Lumbee Tribe Turns To 'Trusted Messengers' As COVID Surge Sweeps Community
Updated Sept. 20 at 3:30 p.m.
Lumbee Tribal Chairman Harvey Godwin Jr., the political head of the largest American Indian Tribe east of the Mississippi River, expects that the final few months of his tenure may be the hardest yet.
“This is what I feel like I've been called to do,” said Godwin in a recent phone interview from his home in Pembroke, N.C. “To keep these vigils up: testing, vaccination, education, videos — whatever it takes.”
As Godwin wraps his second and final elected term, his tribe faces a surge of illness and death caused by COVID-19. The community of 55,000 members is headquartered in Robeson County, N.C., along the border with South Carolina.
As of Sept. 20, the county had the lowest vaccination rate in North Carolina with one-third of the population fully vaccinated. Forty percent of residents have received a single dose.
"We can't afford to keep going to funerals like we're going."
For Lumbees in the region, that vaccination rate is even lower. As of Aug. 31, 26% of Lumbee received their first dose of the vaccine, based on the most recent estimated zip code data assembled by the North Carolina Department of Health and Human Services.
Along with the low vaccination rate in the community, Godwin has a close eye on the COVID-19 case counts released each week by the county health department. In the most recent report, more than 400 American Indians in the rural community tested positive — more than all other identified racial or ethnic groups combined.
According to Robeson County Health Director Bill Smith, the death toll for the most recently available two week-period has been "fueled by American Indian deaths." The latest reporting from the county health department shows that over that period, 37 people died from the disease, representing more than 10% of those who have died from COVID-19 in the county since March of 2020.
"We can't afford to keep going to funerals like we're going. We can't afford for our people to get sick. And we don't know what their lifelong side effects are going to be from having COVID,” said Godwin.
The Pandemic’s Toll Hits Closer To Home
As the highly-transmissible delta variant moves through the community, many are now feeling the impact of the pandemic at a personal level.
"I don't think there's a better way to put it, except that I really feel like it's tearing through the Lumbee community," said Dr. Shelly Lowery, a Lumbee family physician and chief medical officer for nearby Scotland Physicians Network, who sees patients out of her office in Pembroke, N.C.
“Many people are experiencing loss of loved ones in immediate family or friends this go-around even more so than [the] last go-around, with the surge,” she said. “And so that has moved the needle in some cases, but we still know of patients that have lost a loved one, an immediate family member, and who still hold fast to the fact that they are not getting the vaccine.”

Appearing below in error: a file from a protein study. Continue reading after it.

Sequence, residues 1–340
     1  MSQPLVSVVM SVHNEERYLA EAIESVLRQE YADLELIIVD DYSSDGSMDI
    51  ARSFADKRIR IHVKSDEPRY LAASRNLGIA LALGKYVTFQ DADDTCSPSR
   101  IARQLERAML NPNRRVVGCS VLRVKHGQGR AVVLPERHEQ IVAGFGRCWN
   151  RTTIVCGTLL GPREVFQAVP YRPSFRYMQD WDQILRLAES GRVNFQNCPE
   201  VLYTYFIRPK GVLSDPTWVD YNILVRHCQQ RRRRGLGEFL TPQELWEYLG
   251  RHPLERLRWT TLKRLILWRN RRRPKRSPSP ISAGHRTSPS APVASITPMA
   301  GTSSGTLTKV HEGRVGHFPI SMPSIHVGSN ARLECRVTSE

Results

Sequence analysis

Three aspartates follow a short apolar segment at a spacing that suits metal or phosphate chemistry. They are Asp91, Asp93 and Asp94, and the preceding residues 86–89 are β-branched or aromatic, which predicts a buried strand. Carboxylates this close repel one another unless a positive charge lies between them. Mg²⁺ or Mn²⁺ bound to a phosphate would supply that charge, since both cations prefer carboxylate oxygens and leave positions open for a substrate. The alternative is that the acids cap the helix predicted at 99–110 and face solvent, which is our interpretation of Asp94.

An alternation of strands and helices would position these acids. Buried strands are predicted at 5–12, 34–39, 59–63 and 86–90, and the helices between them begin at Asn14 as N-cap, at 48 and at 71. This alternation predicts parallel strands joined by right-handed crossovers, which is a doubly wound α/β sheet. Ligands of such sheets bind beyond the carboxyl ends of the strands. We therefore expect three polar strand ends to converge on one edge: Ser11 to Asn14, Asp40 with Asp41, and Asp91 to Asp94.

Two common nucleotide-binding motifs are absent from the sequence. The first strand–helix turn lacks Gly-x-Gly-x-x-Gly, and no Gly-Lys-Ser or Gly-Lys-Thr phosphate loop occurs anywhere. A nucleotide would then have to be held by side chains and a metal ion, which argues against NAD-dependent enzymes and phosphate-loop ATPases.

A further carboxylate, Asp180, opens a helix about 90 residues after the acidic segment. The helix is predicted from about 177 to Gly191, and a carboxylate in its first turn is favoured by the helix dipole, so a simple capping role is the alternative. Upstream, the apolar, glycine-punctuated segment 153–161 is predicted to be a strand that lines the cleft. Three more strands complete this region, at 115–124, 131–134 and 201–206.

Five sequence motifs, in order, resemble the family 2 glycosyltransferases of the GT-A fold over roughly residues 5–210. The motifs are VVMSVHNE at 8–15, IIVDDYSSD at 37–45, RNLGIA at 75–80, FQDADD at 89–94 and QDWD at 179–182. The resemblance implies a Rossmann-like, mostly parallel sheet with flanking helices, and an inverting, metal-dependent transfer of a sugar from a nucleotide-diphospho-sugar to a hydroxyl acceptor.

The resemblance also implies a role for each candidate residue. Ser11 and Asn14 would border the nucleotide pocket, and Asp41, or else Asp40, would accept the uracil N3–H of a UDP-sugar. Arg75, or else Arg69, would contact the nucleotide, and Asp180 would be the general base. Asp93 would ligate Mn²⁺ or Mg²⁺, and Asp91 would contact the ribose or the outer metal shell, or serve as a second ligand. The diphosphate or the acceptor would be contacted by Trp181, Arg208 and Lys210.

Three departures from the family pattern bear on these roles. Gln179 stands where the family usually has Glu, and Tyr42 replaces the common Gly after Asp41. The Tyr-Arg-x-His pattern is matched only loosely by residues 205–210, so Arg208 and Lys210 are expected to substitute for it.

Wyvis Oxendine Jr., a teacher at Purnell Swett High School in Pembroke and an associate pastor at Mount Olive Pentecostal Holiness Church, is one of the members of the Lumbee Tribe who has experienced that personal loss. Over the winter, the virus swept through the Oxendine family. His father Wyvis Oxendine Sr., a longtime Robeson County educator and community organizer, died of COVID-19 in January at age 74. Now, Wyvis Jr. works to protect his family while also navigating life in an under-vaccinated community.
"You're afraid, especially with a young child in my situation, you're afraid to take him out different places because you're afraid of the unknown. You don't know who's vaccinated,” said Oxendine. "It's traumatic when you lose somebody, it causes you to want to take extra caution, because you don't want to lose somebody again, you don't want to be a carrier of the virus."
Roots Of Vaccine Hesitancy
Healthcare professionals, government officials, and community leaders are working to understand the reasons behind the continued low vaccination rate among Lumbee Tribe members. Lowery hears some of those reasons directly from her Lumbee patients, and from those in the general community.
“It boils down to one large category of misinformation,” she said. “I don't think there is one common thread. I think, number one, I hear some religious hesitancies. [You know], ‘I'm hesitant, and I'm not sure that the vaccine is safe, I believe God will protect me. In addition to religion and spiritual, I hear just mistrust. They don't trust that it's safe, that enough time was put into it, a lot of government conspiracy.”